A vortex of super-chilled northern air leads to school closures

The recent cold in Minnesota and across the nation, according to weather forecasters, was the result of a “polar vortex.”

At about noon on Monday, Hermann Insurance Services’ outdoor digital thermometer read a chilly -17 degrees. Photo by Derrick Knutson

At about noon on Monday, Hermann Insurance Services’ outdoor digital thermometer read a chilly -17 degrees. Photo by Derrick Knutson

The polar vortex is circulation of strong, upper-level winds that normally surround the northern pole in a counterclockwise direction — a polar low-pressure system, according to online information from meteorologist Brandon Miller. These winds tend to keep the bitter cold air locked in the Arctic regions of the Northern Hemisphere. It is not a single storm. On occasion, this vortex can become distorted and dip much farther south than it would normally be, allowing cold air to spill southward.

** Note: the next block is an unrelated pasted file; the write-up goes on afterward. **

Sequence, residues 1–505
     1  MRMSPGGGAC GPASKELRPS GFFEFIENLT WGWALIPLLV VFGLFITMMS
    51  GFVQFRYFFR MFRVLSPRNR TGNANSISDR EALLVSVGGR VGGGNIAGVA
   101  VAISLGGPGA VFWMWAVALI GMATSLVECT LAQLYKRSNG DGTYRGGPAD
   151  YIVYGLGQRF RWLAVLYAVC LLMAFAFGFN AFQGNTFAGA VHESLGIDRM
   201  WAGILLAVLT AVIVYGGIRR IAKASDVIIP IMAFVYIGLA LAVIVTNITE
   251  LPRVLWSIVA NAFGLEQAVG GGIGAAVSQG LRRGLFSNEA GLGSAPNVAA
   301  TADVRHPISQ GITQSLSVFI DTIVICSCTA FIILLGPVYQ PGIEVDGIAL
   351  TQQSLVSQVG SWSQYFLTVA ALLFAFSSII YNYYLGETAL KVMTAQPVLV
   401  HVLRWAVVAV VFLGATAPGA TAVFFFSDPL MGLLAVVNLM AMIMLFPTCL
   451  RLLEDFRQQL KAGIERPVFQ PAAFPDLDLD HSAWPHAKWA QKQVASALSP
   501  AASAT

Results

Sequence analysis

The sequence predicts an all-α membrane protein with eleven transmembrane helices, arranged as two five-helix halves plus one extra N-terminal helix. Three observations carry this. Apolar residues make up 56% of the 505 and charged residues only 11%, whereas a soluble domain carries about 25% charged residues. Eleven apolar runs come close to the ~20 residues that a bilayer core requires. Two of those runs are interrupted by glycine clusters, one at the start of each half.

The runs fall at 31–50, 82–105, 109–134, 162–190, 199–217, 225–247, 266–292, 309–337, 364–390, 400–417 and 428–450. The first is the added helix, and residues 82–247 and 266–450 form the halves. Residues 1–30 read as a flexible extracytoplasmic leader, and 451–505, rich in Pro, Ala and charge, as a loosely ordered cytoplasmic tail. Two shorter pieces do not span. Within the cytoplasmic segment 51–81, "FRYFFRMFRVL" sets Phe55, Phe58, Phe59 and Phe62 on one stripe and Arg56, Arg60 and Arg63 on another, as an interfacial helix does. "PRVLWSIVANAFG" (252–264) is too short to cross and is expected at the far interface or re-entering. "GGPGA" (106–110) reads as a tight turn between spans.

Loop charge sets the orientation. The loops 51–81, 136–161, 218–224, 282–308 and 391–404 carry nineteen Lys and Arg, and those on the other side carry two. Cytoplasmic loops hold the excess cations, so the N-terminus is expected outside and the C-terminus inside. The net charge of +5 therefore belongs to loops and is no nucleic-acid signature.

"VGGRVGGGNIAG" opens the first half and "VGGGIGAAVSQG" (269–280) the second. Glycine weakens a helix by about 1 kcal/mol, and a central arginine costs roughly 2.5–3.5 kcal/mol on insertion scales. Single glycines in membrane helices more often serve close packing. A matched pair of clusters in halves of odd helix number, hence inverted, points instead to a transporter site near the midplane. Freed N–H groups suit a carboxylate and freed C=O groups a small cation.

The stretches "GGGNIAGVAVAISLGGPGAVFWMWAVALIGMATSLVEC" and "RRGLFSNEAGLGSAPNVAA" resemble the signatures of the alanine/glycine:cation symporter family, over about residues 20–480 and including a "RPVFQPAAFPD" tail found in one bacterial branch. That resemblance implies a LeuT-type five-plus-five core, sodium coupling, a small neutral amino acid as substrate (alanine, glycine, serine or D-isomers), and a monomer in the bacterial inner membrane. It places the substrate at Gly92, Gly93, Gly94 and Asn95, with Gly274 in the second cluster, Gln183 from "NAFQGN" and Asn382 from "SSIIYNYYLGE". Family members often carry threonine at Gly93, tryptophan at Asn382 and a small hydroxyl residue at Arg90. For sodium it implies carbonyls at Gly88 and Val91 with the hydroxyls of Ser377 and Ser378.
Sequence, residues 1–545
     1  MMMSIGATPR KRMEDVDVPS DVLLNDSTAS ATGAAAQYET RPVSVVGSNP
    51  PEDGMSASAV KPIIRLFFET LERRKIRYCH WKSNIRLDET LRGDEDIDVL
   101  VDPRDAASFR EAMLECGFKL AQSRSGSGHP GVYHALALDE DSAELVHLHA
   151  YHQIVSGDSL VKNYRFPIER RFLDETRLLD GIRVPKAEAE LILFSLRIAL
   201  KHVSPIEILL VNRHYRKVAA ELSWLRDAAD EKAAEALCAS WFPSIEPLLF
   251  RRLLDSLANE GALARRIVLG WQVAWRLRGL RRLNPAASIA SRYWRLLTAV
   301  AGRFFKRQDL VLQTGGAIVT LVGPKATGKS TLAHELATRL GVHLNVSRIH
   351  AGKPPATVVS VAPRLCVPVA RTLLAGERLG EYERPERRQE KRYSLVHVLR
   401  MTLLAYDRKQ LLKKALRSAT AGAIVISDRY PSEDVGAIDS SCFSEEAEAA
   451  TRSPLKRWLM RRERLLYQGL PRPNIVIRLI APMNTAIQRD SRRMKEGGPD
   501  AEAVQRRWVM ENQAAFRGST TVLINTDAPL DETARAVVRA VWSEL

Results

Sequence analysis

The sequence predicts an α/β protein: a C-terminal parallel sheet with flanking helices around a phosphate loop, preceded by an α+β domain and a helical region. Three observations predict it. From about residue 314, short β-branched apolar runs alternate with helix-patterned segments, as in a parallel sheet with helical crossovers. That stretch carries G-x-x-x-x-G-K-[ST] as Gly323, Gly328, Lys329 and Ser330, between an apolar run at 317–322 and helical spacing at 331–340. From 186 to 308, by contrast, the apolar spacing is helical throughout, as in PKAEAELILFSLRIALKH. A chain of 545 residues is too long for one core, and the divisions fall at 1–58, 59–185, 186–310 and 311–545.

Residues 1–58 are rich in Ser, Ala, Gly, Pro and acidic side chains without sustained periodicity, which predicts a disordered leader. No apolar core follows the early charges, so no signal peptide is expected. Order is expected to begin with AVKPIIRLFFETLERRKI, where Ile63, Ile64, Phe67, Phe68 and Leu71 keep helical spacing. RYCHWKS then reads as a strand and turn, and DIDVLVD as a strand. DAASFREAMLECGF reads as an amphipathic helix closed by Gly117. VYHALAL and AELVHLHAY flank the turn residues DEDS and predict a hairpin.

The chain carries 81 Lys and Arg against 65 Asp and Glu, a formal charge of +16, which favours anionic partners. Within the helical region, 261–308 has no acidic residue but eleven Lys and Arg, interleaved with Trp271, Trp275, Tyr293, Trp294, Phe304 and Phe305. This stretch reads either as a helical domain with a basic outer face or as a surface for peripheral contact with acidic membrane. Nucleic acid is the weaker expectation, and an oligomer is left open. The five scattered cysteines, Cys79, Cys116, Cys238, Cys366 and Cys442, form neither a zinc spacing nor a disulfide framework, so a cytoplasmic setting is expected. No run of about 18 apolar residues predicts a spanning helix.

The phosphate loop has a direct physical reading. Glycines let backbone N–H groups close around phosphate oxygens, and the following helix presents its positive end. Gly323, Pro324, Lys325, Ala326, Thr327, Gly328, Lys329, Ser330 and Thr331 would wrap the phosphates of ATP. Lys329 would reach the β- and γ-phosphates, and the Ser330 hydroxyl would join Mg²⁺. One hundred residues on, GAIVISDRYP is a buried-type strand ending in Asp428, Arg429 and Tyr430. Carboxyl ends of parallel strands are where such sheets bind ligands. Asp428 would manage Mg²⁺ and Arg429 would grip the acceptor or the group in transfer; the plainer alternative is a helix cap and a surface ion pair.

Sustained cold at this level in Minnesota has not been experienced in Minnesota for more than a decade.

Both North Branch Area Public Schools and Rush City Schools were closed Monday and Tuesday as a result of the frigid temperatures. Gov. Mark Dayton closed schools Monday.

A Minnesota governor has not ordered schools closed across the state since Arne Carlson did it Jan. 16, 1997.

Some outlying areas of Chisago County reportedly were 25 or more degrees below zero Monday, but that’s still well off the state record.

On Feb. 2, 1996, a low of -60 degrees was recorded near Tower, according to information from the Minnesota Department of Natural Resources.

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